Romeo and Juliet take to the big screen at Oracle Park on Saturday, September 21, and Caltrain will provide special service to accommodate everyone who wishes to enjoy the works of the Bard while eating garlic fries.
Gates open at 5:30 p.m. and the simulcast of the performance at the War Memorial Opera House begins at 7:30 p.m. Caltrain will run two extra pre-performance local trains that will depart San Jose Diridon Station at 3:15 p.m. and 5:08 p.m. The 613 will make all local weekend stops while the 619 will run express service to the San Francisco Station.
Caltrain will also run two post-performance trains that depart San Francisco approximately 15 and 25 minutes after the show, or when full. These trains will provide express southbound service to the Millbrae Station before making all weekend local stops to San Jose Diridon.
Caltrain is a proof-of-payment system; tickets are not sold onboard trains but can be purchased at station ticket machines. To save time on the return trip, passengers are encouraged to buy a Day Pass or utilize the Caltrain mobile app. Clipper card users are reminded to tag on and tag off.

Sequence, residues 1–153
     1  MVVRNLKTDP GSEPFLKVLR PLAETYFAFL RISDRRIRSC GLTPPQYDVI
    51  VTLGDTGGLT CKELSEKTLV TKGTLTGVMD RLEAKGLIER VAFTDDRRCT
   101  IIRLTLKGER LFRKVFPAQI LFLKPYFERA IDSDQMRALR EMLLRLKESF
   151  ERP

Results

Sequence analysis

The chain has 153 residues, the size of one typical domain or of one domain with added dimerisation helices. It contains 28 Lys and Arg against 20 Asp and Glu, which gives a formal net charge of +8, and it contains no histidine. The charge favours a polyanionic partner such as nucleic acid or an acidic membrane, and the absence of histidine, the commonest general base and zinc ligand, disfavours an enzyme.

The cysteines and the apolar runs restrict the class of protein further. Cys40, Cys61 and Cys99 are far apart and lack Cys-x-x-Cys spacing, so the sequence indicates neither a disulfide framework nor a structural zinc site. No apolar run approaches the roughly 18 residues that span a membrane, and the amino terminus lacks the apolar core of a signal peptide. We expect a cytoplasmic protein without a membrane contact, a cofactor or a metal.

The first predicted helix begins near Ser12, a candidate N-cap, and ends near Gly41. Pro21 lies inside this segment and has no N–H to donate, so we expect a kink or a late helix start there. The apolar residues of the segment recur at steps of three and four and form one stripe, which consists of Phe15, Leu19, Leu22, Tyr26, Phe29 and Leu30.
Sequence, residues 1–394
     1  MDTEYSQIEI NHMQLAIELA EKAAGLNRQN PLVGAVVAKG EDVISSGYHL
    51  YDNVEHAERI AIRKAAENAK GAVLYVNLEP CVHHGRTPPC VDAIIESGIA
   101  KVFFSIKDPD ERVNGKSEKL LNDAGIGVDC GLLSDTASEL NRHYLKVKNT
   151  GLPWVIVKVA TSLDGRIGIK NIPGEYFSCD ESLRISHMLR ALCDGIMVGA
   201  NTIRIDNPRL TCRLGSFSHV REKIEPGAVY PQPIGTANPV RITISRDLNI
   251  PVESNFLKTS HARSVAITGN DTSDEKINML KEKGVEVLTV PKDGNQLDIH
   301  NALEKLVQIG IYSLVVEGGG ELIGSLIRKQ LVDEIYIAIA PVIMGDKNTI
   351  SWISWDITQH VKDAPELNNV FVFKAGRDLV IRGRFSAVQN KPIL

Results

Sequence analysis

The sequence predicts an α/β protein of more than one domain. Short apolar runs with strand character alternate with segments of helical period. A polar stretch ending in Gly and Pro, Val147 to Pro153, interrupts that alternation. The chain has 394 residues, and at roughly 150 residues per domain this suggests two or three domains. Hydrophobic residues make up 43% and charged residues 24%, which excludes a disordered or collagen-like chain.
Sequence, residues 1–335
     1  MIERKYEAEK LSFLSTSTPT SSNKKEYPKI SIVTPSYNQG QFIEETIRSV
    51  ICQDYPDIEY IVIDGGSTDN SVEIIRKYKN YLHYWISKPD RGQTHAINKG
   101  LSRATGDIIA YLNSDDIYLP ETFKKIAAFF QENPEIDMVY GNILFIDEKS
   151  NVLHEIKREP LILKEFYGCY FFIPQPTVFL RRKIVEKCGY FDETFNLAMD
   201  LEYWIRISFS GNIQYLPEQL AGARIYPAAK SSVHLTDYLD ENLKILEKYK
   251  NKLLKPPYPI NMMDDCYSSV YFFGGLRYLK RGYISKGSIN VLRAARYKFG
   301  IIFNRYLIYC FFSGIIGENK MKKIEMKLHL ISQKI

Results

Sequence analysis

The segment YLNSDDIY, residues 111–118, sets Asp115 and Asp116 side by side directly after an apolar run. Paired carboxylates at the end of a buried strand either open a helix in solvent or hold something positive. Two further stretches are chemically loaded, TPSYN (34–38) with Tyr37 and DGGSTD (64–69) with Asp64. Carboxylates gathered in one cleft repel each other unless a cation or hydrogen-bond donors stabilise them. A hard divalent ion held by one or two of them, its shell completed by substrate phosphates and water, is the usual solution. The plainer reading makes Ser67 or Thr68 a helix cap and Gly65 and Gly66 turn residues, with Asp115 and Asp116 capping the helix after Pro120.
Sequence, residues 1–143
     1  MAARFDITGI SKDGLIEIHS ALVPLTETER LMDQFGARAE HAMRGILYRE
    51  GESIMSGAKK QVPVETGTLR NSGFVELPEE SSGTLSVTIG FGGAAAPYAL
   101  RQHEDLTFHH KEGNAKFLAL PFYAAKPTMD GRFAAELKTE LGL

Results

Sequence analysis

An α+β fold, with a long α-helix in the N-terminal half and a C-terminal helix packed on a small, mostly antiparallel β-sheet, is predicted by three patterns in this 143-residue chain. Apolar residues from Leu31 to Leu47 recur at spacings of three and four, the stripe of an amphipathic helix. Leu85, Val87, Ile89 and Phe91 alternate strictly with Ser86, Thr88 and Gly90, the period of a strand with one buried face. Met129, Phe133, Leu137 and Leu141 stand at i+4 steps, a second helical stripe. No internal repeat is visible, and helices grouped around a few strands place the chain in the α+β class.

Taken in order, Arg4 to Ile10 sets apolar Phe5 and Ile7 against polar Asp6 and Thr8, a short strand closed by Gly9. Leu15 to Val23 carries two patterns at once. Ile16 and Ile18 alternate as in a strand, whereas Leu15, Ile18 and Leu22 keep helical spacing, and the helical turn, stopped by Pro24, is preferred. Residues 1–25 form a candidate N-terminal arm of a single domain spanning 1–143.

Parking at Caltrain stations costs $5.50 for the day, and permits can be purchased through ticket machines onsite. Paid parking rules are enforced throughout the day.
To help make it a pleasant trip for all, Caltrain reminds fans to drink responsibly and to remember that open alcoholic beverages are prohibited on trains beginning at 9 p.m.
For more information about Caltrain schedules and fares or for help planning your trip, call Caltrain Customer Service at 1.800.660.4287 (TTY 650.508.6448) or visit www.caltrain.com.
About Caltrain: Owned and operated by the Peninsula Corridor Joint Powers Board, Caltrain provides commuter rail service from San Francisco to San Jose, with limited commute service to Gilroy. While the Joint Powers Board assumed operating responsibilities for the service in 1992, the railroad has provided the community with more than 150 years of continuous passenger service. Planning for the next 150 years of Peninsula rail service, Caltrain is on pace to electrify the corridor, reduce diesel emissions by 97 percent by 2040 and add more service to more stations.